Biological and Environmental Research - Earth and Environmental System Sciences
Earth and Environmental System Modeling

Near-term Climate Change: Projections and Predictability

TitleNear-term Climate Change: Projections and Predictability
Publication TypeBook Chapter
Year of Publication2014
AuthorsKirtman, S B., Power S B., Adedoyin J A., Boer G J., Bojariu R, Camilloni I, Doblas-Reyes F J., Fiore A M., Kimoto M, and Meehl G A.
Book TitleIntergovernmental Panel on Climate Change
Chapter11
Pages953-1028
PublisherCambridge University Press
Abstract / Summary

This chapter assesses the scientific literature describing expectations for near-term climate (present through mid-century). Unless otherwise stated, ‘near-term’ change and the projected changes below are for the period 2016–2035 relative to the reference period 1986–2005. Atmospheric composition (apart from CO2; see Chapter 12) and air quality projections through to 2100 are also assessed.

Decadal Prediction

The nonlinear and chaotic nature of the climate system imposes natual limits on the extent to which skilful predictions of climate statistics may be made. Model-based ‘predictability’ studies, which probe these limits and investigate the physical mechanisms involved, support the potential for the skilful prediction of annual to decadal average temperature and, to a lesser extent precipitation.

Predictions for averages of temperature, over large regions of the planet and for the global mean, exhibit positive skill when verified against observations for forecast periods up to ten years (high confidence). Predictions of precipitation over some land areas also exhibit positive skill. Decadal prediction is a new endeavour in climate science. The level of quality for climate predictions of annual to decadal average quantities is assessed from the past performance of initialized predictions and non-initialized simulations. {11.2.3, Figures 11.3 and 11.4}

In current results, observation-based initialization is the dominant contributor to the skill of predictions of annual mean temperature for the first few years and to the skill of predictions of the global mean surface temperature and the temperature over the North Atlantic, regions of the South Pacific and the tropical Indian Ocean for longer periods (high confidence).

URLhttp://dx.doi.org/10.1017/CBO9781107415324.023
DOI10.1017/CBO9781107415324.023
Book Title: Intergovernmental Panel on Climate Change
Year of Publication: 2014
Chapter: 11
Series Volume: Chapter 11
Pages: 953-1028
Publication Date: 06/2014

This chapter assesses the scientific literature describing expectations for near-term climate (present through mid-century). Unless otherwise stated, ‘near-term’ change and the projected changes below are for the period 2016–2035 relative to the reference period 1986–2005. Atmospheric composition (apart from CO2; see Chapter 12) and air quality projections through to 2100 are also assessed.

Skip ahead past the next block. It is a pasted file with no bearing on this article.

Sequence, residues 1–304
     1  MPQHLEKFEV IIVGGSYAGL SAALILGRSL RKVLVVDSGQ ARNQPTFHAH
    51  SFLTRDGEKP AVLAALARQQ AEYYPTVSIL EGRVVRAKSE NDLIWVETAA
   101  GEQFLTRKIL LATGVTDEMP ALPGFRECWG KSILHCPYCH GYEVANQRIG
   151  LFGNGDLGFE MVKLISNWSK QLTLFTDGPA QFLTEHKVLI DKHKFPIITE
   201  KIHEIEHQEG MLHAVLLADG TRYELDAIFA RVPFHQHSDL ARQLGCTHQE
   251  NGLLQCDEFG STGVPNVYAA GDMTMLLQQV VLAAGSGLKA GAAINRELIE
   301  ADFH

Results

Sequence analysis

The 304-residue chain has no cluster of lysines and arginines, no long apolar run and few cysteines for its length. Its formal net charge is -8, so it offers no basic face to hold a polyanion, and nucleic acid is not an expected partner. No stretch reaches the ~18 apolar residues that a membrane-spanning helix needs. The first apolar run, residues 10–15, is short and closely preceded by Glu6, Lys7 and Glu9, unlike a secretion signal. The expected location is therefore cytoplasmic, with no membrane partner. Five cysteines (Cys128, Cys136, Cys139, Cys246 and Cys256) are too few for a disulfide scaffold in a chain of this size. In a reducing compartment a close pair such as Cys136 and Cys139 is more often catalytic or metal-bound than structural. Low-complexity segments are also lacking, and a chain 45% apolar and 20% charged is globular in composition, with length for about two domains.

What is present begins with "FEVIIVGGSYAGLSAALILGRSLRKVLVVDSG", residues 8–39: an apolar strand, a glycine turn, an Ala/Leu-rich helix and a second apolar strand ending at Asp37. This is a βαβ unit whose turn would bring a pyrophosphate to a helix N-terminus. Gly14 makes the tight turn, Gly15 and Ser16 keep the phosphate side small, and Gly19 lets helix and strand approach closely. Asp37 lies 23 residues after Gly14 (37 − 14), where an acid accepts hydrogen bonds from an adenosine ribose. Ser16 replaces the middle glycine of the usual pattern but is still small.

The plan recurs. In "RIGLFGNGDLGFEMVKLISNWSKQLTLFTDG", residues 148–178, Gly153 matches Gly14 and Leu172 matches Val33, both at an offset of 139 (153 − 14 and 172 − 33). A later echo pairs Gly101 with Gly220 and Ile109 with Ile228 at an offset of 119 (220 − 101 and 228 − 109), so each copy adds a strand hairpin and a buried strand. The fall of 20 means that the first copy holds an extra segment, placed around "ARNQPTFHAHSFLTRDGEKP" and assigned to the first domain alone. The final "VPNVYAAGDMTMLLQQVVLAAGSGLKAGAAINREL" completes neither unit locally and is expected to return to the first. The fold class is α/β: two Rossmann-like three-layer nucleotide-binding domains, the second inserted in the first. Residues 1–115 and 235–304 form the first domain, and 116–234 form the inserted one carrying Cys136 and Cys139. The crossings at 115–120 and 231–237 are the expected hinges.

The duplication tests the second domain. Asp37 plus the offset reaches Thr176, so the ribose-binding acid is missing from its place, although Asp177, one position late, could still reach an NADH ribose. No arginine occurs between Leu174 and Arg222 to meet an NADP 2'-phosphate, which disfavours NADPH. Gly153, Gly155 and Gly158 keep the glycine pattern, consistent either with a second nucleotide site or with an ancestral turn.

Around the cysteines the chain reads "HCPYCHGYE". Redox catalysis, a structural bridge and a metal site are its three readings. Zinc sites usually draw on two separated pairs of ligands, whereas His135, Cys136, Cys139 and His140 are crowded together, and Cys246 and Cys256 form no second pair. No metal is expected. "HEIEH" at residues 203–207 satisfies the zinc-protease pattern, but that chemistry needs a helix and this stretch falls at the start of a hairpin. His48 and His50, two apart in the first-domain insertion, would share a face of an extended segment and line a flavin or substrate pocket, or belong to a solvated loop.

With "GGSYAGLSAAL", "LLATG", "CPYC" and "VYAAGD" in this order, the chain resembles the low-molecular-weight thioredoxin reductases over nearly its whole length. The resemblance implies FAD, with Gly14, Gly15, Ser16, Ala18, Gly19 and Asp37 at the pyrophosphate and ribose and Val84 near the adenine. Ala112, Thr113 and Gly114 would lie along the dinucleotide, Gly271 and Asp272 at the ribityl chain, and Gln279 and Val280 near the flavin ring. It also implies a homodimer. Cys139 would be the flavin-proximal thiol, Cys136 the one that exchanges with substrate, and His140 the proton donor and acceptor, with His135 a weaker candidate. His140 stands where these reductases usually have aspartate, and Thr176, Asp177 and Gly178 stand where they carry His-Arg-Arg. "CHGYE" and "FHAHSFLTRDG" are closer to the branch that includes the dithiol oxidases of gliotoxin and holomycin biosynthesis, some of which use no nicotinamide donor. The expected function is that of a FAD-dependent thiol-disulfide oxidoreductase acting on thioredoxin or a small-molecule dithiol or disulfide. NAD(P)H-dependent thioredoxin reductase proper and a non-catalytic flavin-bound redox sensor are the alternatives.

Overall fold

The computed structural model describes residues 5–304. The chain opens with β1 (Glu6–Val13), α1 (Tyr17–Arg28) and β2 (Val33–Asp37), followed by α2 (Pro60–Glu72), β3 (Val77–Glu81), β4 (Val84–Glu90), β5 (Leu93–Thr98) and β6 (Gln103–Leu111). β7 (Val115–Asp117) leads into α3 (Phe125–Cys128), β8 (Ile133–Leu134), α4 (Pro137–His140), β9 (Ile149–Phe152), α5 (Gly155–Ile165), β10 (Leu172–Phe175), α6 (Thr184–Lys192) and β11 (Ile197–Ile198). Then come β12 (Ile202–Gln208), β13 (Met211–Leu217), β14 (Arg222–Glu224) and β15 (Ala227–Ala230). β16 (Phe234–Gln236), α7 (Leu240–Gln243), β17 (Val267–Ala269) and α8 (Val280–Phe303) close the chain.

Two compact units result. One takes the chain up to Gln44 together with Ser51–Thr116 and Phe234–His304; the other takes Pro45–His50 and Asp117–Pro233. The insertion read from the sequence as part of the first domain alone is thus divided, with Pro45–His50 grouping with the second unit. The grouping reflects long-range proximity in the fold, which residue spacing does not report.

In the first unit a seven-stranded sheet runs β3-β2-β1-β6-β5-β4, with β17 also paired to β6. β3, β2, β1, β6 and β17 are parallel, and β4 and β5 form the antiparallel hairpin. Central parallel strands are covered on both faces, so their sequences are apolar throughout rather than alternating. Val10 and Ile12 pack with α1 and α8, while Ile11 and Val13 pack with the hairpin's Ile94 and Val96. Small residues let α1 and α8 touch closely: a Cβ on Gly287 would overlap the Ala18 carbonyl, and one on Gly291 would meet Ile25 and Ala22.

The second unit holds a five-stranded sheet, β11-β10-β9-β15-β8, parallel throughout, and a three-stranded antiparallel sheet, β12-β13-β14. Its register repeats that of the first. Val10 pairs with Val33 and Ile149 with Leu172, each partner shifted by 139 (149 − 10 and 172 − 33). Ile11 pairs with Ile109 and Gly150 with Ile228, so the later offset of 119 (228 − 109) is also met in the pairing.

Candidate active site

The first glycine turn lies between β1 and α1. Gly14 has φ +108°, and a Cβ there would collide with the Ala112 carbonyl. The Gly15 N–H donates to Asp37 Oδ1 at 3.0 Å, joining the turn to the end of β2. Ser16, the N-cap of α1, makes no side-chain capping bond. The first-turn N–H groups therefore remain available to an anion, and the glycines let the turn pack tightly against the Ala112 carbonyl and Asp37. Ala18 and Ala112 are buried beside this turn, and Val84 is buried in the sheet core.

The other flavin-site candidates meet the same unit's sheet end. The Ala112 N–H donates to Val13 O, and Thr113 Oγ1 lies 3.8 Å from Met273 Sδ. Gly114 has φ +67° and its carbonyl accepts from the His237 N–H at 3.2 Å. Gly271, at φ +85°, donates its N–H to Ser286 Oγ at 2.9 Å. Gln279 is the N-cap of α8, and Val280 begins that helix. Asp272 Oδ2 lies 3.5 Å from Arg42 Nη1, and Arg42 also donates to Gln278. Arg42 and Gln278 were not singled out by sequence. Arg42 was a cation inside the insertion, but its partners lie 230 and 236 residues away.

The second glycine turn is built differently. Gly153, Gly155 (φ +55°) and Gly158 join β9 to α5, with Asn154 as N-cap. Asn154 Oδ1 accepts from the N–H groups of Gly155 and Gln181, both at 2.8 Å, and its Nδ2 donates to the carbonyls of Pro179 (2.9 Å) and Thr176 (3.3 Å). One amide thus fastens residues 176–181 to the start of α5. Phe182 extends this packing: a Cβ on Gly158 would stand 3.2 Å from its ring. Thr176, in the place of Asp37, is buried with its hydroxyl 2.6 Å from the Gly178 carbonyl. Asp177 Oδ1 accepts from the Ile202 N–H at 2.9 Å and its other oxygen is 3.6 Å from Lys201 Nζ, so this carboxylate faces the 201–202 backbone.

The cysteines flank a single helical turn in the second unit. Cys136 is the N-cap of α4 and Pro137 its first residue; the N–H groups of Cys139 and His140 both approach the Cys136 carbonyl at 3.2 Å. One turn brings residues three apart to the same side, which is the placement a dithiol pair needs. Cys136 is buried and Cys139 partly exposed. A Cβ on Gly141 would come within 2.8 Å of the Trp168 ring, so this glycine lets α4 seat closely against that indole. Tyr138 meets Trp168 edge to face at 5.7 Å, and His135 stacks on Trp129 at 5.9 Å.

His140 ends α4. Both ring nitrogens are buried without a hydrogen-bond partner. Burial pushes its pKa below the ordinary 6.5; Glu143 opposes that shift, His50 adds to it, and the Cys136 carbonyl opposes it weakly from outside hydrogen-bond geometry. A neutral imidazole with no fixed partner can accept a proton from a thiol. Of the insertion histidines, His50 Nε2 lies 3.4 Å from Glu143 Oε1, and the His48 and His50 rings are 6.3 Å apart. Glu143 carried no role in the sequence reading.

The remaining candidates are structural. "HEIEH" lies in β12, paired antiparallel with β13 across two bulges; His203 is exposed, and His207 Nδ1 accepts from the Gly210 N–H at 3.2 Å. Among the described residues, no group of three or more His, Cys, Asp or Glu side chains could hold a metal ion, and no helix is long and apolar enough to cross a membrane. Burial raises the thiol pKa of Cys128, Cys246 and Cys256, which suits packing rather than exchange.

Decadal Prediction

The nonlinear and chaotic nature of the climate system imposes natual limits on the extent to which skilful predictions of climate statistics may be made. Model-based ‘predictability’ studies, which probe these limits and investigate the physical mechanisms involved, support the potential for the skilful prediction of annual to decadal average temperature and, to a lesser extent precipitation.

Predictions for averages of temperature, over large regions of the planet and for the global mean, exhibit positive skill when verified against observations for forecast periods up to ten years (high confidence). Predictions of precipitation over some land areas also exhibit positive skill. Decadal prediction is a new endeavour in climate science. The level of quality for climate predictions of annual to decadal average quantities is assessed from the past performance of initialized predictions and non-initialized simulations. {11.2.3, Figures 11.3 and 11.4}

In current results, observation-based initialization is the dominant contributor to the skill of predictions of annual mean temperature for the first few years and to the skill of predictions of the global mean surface temperature and the temperature over the North Atlantic, regions of the South Pacific and the tropical Indian Ocean for longer periods (high confidence).

Publisher: Cambridge University Press
DOI: 10.1017/CBO9781107415324.023
Citation:
Kirtman, SB, SB Power, JA Adedoyin, GJ Boer, R Bojariu, I Camilloni, FJ Doblas-Reyes, AM Fiore, M Kimoto, and GA Meehl.  2014.  "Near-term Climate Change: Projections and Predictability."  In Intergovernmental Panel on Climate Change.  Cambridge University Press, pp. 953-1028.  https://doi.org/10.1017/CBO9781107415324.023.